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Montreal Takes Big Man Mike McCarron

Critics of the Montreal Canadiens this season said that they weren’t big enough. Those critics should be silent now. With the 25th pick in Sunday’s NHL Draft, the Canadiens selected forward Mike McCarron, all 6’5 230 lbs of him. But who is Mike McCarron? Let me introduce you to him.

McCarron, 18, grew up nine miles from the Detroit Red Wings arena in Gross Pointe Michigan. So naturally he played and watched a ton of hockey. At age 14, he played for the Honeybaked U16 team in Michigan, picking up 12 goals and 28 points. The Honeybaked program has produced plenty of NHL stars including Ryan Kesler, David Booth and Tim Gleason so to make the team at 14 is a big feat.

Two years later, he moved onto the US National Team Development Program in Ann Arbor Michigan. It was here that he started becoming a checking forward and saw his offence numbers go down. He still picked up six goals and 21 assists, but added 128 penalty minutes in 58 games. That’s the toughness the Habs were looking for.

Last year, he continued to play for the Development Program, including the U18 World Juniors Championships in Russia. He claimed a silver medal in that tournament and scored a goal in the US’s 3-2 loss to Canada. In 55 games for the US Development Team, he saw his number’s go up, with 14 goals and 20 assists, plus 180 penalty minutes. With those numbers, he entered the draft ranked 35th among North American skaters. NHL Central Scouting Director, when ranking him 35th, wrote:

Michael has a strong game down low. He can cycle the puck to the net and offers a wicked shot. He’s playing with confidence. He’s recently shown to be able to go out there and actually dictate the play. He’s got soft hands for a big man and complements that with good puck handling and skills.

Michael McCarron
Michael McCarron, a winger, stands with officials from the Montreal Canadiens sweater after being chosen 25th overall in the first round of the NHL hockey draft, Sunday, June 30, 2013, in Newark, N.J.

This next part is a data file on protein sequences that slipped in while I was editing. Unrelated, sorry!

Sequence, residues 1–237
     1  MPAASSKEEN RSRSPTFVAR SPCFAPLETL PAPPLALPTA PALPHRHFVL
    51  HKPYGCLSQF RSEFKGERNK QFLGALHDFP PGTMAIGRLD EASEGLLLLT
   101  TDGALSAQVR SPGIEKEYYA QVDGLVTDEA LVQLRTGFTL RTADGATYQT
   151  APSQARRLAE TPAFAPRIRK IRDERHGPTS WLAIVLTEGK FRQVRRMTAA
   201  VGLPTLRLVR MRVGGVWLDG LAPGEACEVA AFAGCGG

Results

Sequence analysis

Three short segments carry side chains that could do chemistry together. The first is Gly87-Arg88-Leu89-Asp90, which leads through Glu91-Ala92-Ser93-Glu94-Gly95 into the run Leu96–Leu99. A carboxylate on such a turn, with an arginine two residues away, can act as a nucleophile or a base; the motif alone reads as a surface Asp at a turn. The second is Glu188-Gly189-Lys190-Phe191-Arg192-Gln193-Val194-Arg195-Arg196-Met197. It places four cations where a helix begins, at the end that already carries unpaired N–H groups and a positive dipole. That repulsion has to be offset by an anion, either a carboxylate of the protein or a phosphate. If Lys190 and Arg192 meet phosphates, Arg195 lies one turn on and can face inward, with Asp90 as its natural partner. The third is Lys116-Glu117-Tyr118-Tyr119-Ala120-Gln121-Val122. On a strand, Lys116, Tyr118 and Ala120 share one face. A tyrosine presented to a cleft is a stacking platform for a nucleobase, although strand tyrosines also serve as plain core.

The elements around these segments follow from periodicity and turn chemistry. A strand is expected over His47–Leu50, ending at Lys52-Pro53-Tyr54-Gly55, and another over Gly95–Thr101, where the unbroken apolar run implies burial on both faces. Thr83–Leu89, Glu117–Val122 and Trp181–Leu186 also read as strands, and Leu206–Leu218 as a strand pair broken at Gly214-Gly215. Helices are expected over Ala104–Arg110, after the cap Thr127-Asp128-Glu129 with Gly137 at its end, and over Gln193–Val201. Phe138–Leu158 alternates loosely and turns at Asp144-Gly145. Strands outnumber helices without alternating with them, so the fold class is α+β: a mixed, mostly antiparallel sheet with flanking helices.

And Montreal’s GM Marc Bergevin felt those skills were what his team was missing.

“He’s a big man, with decent hands and willing to go to the dirty areas,” Bergevin said.  “That was a need we felt we needed to address.”

Montreal’s head scout Trevor Timmins also praised McCarron.

“For a big man he skates well, really well,” Timmins said. “He’s a guy who’s development has risen and will continue to rise.”

And what does McCarron think of going to the Habs?

“It’s surreal, I didn’t even know it was going to happen,” he told Habs TV. “It’s even more awesome that the Habs picked me, being an original six team and with such a winning program, it’s so special to be part of it.”

With his big size, McCarron has been compared to players like Mike Rupp and Brian Boyle. But he had someone else in mind.

“I always say Milan Lucic,” he said “I feel like I can play on the fourth line or the first line to crash and bang. That’s who I try to play like.”

There is still a lot of development left for McCarron. Don’t expect him to instantly make the jump to pro like Alex Galchenyuk did last year.

In fact, he still has to decide where he will play next year with both Western Michigan University and the London Knights.  Neither Bergevin or Timmins didn’t hint at where they thought he should go.

“It’s going to be up to him, I’m going to have a discussion with him,” Bergevin said. “Yeah I have preference but I want to share that with him first.”

“It’s up to the player to make that decision, both programs would benefit him,” Timmins added. “I don’t want to voice my opinion.”

But McCarron hasn’t made up his mind yet.

“I’m still waiting to make the decision,” he said. “I’m going to talk to the organization here and see what is best for me.”

Wherever he plays next season, McCarron will use that ice time to continue to hone his skills. And if he can bring a Milan Lucic style to the Habs down the road, Montreal fans will be really excited.

Sources: NHL.com, Last Word on Sports.com, Hockey’s Futures.com, and Habs TV.

Josh Beneteau
Hockey has always been a passion of mine and once I realized I would never make it as a player, I still wanted a career in the sport. With my writing, I get to be a part of the sport I love, safely in front of a laptop screen. I am currently studying journalism at Ryerson University in Toronto and I hope my degree and my many writing experiences lead to a successful career in the field.


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